Economics of National Security
Friday, Jan. 3, 2020 2:30 PM - 4:30 PM (PDT)
- Chair: Eli Berman, University of California-San Diego
How Do Firms Respond to Insecurity? Evidence from Afghan Phone Records
AbstractWe provide new evidence on how insecurity affects firm behavior by linking data on violent conflict in Afghanistan to geo-stamped corporate mobile phone records. We begin by developing a method for observing firm location choice with phone data, and validate these measurements using independent sources of administrative and survey data. Next, we show that deadly terrorist attacks reduce the presence of firms in targeted districts by 4-6%. The effect includes both an increase in the local exit of existing firms following attacks and a decrease in new rm entry. We find large negative spillovers from attacks in provincial capitals on firm presence in nearby rural districts. After violence, employees in provincial capitals are 33% more likely to move to Kabul and 15% more likely to leave for another province.
Innocent until Stereotyped Guilty? Terrorism and United States Immigration Court Decisions
AbstractWe investigate the impact of terrorist attacks on court decisions made by US immigration judges. We exploit quasi-random variations in the timing of attacks and immigration court hearings, and the random variations in the success or failure of US-based terrorist attacks, finding a significant negative effect of terrorism on asylum approvals. Our results suggest that immigration court judges stereotype asylumseekers as potential terrorists. Such stereotypes seem unique to asylum applicants, as parole approvals do not significantly change after attacks. Applicants from predominantly Muslim, Middle-Eastern and North African countries are disproportionately denied after successful terrorist attacks in the US.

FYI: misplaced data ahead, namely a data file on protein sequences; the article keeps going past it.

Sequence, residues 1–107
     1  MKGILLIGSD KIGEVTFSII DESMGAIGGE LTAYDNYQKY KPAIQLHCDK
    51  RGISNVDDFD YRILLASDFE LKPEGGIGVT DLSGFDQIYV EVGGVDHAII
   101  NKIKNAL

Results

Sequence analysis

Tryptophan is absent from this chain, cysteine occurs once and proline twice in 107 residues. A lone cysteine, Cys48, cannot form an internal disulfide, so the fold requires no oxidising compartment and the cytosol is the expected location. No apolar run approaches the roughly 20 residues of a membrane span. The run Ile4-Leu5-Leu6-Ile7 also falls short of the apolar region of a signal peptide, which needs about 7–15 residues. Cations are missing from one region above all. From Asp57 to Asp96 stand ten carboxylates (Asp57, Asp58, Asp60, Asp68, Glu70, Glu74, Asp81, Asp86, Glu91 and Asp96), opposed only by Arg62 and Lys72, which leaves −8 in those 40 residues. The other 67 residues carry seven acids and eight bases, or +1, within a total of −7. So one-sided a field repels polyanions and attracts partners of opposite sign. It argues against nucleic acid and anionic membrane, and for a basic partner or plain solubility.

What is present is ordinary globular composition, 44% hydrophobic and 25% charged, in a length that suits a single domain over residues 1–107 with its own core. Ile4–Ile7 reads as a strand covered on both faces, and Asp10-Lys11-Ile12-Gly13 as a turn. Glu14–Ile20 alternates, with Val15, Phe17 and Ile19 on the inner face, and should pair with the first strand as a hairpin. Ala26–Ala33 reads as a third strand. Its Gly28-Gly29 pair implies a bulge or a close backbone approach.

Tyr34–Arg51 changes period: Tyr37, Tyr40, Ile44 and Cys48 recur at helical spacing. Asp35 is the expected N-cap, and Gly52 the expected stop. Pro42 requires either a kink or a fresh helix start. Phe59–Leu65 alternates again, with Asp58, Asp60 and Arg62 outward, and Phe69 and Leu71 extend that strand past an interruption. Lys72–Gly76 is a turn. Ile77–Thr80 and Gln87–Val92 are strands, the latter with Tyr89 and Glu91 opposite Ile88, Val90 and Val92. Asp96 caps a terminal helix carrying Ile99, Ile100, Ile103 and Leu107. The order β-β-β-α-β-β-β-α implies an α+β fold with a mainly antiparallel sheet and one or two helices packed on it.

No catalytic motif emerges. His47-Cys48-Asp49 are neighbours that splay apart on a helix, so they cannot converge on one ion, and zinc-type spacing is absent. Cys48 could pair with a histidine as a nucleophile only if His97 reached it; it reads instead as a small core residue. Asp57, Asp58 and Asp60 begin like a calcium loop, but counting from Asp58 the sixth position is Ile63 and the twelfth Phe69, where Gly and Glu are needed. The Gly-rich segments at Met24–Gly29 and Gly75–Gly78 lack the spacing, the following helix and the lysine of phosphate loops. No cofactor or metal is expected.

Did the War on Terror Ignite a Veteran Opioid Epidemic?
AbstractMilitary veterans are at ground zero of the U.S. opioid epidemic, facing an overdose rate twice that of civilians. Post-9/11 deployments to Afghanistan and Iraq have exposed servicemembers to injury-related chronic pain, psychological trauma, and cheap opium, all of which may fuel opioid addiction. This study is the first to estimate the impact of military deployments in the Global War on Terrorism on opioid abuse. We exploit a natural experiment in overseas deployment assignments and find that combat service substantially increased the risk of prescription painkiller abuse and illicit heroin use among active duty servicemen. War-related physical injuries, death-related battlefield trauma, and Post-Traumatic Stress Disorder emerge as important mechanisms. The magnitudes of our estimates imply lower bound combat-induced health care costs of $1.2 to $1.7 billion per year for prescription painkiller abuse and $800 million per year for heroin use.
- H0 - General
- F5 - International Relations, National Security, and International Political Economy